Protecting Childhood: Navigating Child Labor Laws in Indonesia's Palm Oil Industry

Protecting Childhood: Navigating Child Labor Laws in Indonesia's Palm Oil Industry
Illustration of child labor in oil palm plantations. Saputra

Child labor in the palm oil plantation sector poses significant dangers to children. It is crucial for states, companies, and communities to work together to prevent children from being employed in hazardous conditions, protect their rights, and provide access to education and support to safeguard their well-being. However, there is still work to be done in effectively enforcing these measures and ensuring compliance across the industry. The EU Deforestation Regulation now requires stringent adherence to sustainable practices, including the prohibition of products linked to deforestation and human rights abuses. This regulation serves as a vital step towards holding companies accountable and promoting ethical sourcing practices within the palm oil industry.

The Palm Oil Industry
The palm oil industry is the largest employer in Indonesia. It currently employs around 8 million people, which is 3.5% of the workforce and contributes between 9-17% of the GDP. As the industry contributes largely to household incomes, particularly in rural areas where plantations cover the land for hundreds of kilometers and entire families may live and work inside a plantation operated by a single company. The Indonesian government requires palm oil plantations to comply with child labor restrictions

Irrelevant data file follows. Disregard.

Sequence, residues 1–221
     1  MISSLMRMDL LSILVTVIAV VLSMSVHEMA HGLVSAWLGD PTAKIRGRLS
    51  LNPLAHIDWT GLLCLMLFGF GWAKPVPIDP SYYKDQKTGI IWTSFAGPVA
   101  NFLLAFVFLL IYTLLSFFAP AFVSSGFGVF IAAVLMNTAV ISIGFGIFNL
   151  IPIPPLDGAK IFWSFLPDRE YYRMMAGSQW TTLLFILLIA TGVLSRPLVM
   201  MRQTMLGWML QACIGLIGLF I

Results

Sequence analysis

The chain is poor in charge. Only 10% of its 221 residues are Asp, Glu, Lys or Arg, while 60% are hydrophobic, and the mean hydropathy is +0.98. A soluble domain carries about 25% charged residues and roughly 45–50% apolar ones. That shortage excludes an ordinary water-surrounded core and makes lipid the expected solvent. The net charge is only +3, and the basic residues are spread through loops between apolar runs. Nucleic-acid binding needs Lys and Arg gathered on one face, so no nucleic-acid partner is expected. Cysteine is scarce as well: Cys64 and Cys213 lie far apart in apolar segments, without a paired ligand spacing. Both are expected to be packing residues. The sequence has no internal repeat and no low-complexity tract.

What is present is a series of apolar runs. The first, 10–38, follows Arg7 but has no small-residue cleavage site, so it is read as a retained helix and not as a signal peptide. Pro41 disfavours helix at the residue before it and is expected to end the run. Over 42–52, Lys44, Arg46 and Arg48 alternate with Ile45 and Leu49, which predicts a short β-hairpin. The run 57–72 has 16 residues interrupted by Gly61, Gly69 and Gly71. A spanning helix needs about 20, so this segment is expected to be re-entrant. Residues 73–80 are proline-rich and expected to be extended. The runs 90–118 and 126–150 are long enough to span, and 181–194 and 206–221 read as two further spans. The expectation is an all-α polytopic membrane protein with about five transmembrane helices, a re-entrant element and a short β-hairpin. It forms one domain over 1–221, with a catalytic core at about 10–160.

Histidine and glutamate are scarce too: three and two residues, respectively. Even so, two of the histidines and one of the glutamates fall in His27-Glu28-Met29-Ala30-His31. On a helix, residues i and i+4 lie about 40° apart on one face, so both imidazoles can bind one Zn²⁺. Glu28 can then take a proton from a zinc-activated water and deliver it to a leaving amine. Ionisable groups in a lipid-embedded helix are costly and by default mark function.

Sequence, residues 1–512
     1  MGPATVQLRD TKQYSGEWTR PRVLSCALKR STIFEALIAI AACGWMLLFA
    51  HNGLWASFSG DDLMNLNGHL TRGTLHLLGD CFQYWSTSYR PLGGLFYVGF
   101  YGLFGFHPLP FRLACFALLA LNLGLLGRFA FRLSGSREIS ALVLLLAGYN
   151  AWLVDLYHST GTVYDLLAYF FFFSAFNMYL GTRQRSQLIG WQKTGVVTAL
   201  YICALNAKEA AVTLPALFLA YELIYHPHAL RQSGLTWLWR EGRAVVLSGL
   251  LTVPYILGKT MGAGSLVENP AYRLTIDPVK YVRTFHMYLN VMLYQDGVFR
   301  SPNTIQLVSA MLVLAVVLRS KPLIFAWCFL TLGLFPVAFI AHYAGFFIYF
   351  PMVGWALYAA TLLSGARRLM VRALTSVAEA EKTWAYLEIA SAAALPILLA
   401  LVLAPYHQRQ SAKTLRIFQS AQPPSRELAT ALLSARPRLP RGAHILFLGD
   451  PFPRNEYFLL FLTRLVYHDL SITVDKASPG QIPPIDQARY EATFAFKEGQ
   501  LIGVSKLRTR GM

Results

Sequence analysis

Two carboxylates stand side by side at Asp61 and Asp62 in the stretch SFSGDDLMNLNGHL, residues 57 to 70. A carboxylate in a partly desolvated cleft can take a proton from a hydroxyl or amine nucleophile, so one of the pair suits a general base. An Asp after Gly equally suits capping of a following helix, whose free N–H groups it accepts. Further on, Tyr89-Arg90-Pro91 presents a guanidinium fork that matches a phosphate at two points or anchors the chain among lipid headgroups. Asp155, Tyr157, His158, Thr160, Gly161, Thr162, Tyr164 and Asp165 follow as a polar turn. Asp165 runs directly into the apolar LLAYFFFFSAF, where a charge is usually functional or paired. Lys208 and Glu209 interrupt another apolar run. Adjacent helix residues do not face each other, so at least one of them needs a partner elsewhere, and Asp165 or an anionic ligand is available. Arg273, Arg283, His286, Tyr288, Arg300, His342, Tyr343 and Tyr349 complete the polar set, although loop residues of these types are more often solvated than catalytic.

Indonesian Law

The Indonesian government has ratified the International Labour Organization (ILO) conventions related to eradicating child labor which demonstrates its commitment to eliminating child labor and protecting children's rights. Firstly, ILO Convention No. 138 (Minimum Age Convention, 1973) stated the minimum age for employment to ensure that children are not employed in work that can harm their health, safety, or morals. It generally sets 15 years as the minimum age for employment, though 14 years is acceptable for developing countries. Hazardous work is prohibited for anyone under the age of 18. Secondly, ILO Convention No. 182 (Worst Forms of Child Labour Convention, 1999) which focuses on eliminating the worst forms of child labor, which include slavery, child trafficking, forced labor, child prostitution, child pornography, and work that is likely to harm the health, safety, or morals of children.